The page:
Kicking off her all-ages show with “LDN” and “Nan You’re A Window Shopper” must be Lily Allen’s way of dispelling the pre-show jitters. By “Shame For You” she was slinky, relaxed (although worried she had the flu) and ready to deliver her best song, “Everything’s Just Fine”, (dedicated to “bank managers, mortgage lenders, and fashion magazine editors.”) with a bit of fire and sex appeal, of which she shows no small measure of self-awareness.
The backup band, fresh-faced and dressed in almost-matching outfits, was kept under fairly tight reins. The punchy three-piece horn section had me especially longing for some extended madness a la Madness or the Specials, given the upbeat ska skankin’ that Allen traffics in so heavily. These AOR-type tours are always scripted down to the last four bars, but how else would you stoke the Starmaker Machine in the MySpace era?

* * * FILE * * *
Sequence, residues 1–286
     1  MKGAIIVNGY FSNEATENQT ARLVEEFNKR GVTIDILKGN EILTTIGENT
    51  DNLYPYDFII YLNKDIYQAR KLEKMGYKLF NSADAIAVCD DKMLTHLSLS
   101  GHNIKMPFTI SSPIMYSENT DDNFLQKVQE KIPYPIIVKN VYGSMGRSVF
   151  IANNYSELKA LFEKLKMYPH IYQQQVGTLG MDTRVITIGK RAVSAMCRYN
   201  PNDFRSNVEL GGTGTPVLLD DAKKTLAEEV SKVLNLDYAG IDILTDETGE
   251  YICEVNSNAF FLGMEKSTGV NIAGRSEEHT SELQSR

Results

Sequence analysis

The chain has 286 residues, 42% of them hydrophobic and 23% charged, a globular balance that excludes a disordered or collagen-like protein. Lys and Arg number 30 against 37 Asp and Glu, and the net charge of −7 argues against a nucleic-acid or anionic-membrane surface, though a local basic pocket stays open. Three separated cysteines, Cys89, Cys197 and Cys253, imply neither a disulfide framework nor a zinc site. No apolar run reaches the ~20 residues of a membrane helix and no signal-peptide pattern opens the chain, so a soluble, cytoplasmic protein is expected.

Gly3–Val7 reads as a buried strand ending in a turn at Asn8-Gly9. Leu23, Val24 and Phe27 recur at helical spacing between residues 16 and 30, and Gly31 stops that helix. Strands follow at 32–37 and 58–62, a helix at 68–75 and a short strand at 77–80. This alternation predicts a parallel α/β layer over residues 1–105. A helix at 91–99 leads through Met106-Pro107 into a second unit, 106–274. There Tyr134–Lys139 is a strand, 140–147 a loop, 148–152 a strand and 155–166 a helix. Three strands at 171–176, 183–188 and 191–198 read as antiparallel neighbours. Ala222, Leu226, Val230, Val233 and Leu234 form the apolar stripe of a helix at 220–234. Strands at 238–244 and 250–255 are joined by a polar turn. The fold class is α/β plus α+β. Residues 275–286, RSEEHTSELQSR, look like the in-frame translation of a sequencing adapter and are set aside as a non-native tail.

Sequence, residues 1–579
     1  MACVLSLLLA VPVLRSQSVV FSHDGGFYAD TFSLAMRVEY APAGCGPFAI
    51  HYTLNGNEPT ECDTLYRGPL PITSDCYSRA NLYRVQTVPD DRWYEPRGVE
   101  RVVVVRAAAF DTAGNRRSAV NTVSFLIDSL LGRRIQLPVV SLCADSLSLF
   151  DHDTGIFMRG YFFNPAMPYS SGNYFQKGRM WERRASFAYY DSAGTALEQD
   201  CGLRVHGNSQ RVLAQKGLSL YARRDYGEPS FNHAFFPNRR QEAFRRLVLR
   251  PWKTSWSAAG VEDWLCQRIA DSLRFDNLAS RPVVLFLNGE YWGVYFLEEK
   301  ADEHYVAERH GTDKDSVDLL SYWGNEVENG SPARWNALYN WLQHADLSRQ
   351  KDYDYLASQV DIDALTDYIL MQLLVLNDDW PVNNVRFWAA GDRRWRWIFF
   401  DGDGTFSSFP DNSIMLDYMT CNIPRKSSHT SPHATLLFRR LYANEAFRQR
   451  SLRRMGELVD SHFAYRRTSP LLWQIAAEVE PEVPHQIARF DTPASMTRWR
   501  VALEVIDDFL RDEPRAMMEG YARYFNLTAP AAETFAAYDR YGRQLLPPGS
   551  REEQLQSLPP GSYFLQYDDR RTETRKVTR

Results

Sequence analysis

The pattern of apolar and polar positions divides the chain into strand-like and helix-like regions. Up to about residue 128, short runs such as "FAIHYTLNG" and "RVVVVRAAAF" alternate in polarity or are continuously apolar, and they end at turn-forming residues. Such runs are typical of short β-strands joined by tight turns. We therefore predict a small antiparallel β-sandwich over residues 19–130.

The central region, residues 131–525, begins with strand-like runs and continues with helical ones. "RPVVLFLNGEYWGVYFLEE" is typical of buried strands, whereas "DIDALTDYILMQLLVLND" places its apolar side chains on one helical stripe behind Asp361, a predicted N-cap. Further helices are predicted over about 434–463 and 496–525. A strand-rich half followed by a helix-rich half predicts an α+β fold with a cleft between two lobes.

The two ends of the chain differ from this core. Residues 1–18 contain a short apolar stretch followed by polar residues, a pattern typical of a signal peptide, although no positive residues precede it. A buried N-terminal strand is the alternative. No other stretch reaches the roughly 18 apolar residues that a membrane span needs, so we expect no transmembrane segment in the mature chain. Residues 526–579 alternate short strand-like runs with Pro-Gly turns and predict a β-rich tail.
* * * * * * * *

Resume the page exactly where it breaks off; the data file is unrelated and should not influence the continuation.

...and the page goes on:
Allen’s songs have an uncanny way of becoming anthems, at least for the five 20-ish ladies assembled in front of me who sang along to every word. Her lyrics deftly balance opposites or brutally cut to the quick like this bit from “Not Big”: “I can see it in your face as you break it to me gently that you really must think you’re great / Well let’s see how you feel in a couple of weeks when I’ve worked my way through your mates.” This number then breaks into a happy feel-good chorus that wouldn’t be out of place in a child’s nursery rhyme, except for the references to her ex’s tiny love pole and being “rubbish in bed.”
“Knock ’Em Out” got a brief cheer with its “Big Chief” intro and sample but her radio hit “Smile” seemed anti-climactic by show’s end. An acoustic “Heart of Glass” (the Blondie number) encore showed that Lily can wail when she needs to, flu bugs notwithstanding.